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All In a Day's Build

Have you ever paid attention to just how much work the average contractor can get done in a day? They seem to work at lightning speed, but it's not because they are cutting corners. It's because they are experts, and in many cases, they are experts with a lot of experience. You could install cabinets, lay flooring, or wire a light fixture pretty quickly, too, if you had done it 500 times before! Because we really admire both the speed and dexterity with which contractors are able to work, we decided to write more about this topic for readers like you. You'll find those articles here.


Bringing An Old Chimney Back Into Service? Safety Tips For Homeowners

As the cost of electricity, propane, natural gas, and heating oil continues to rise, many homeowners are looking for alternate ways to help heat their homes. For some, it may be time to consider the possibility of bringing an old chimney back into service so that a fireplace or wood-burning stove could be used.   

Before taking that step, however, homeowners will want to have a better understanding of the potential safety issues they may experience and how they might overcome them. 

Schedule cleaning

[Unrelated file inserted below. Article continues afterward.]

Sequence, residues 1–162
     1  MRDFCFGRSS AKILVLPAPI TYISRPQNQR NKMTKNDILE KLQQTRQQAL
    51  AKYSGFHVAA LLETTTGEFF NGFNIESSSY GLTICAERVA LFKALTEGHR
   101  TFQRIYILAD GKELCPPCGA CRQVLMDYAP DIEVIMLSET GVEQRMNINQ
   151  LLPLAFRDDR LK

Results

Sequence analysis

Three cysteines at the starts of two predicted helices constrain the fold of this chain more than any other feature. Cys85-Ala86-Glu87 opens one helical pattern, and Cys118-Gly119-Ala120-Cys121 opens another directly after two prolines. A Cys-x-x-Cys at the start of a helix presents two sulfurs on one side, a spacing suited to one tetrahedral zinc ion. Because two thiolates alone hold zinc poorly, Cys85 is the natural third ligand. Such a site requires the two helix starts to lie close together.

The first thing to do when exploring the possibility of putting an existing chimney back into service is to have it professionally cleaned. When a chimney is unused for a period of years, several things can happen that can be discovered during the chimney cleaning process.


Chimneys that sit idle, even for a short time, can become home to birds, rodents, and other small creatures. The nesting activity of these animals and birds can quickly result in the formation of a blockage inside the chimney. In addition to stopping the chimney's ability to draw air and exhaust smoke and fumes from a fireplace or wood stove, homeowners should know that the nesting materials will likely contain highly flammable materials, like twigs, dried grass, and debris that could easily cause a chimney fire. 


The chimney cleaning process will also provide homeowners with a better understanding of the condition of the chimney and whether there is any type of existing damage that will need to be repaired. During the chimney cleaning process, mirrors and cameras are often used to provide a close look at the interior surfaces of the chimney. If damage is found, such as cracked flue tiles, broken flue blocks, or missing mortar in the joints, the homeowner will be advised that the chimney is unsafe to use until necessary repairs are made. 

Structural defects

Scheduling a chimney inspection before attempting to utilize a chimney that has sat idle can also help ensure that homeowners are aware of any structural defects that could make the chimney unsafe for use with a fireplace or wood stove. For instance, an existing fireplace may be too small or too short to safely support the use of a modern wood stove or fireplace insert. 

If you are thinking about bringing an unused fireplace back into service, do so safely by first discussing your plans with a chimney repair service in your area.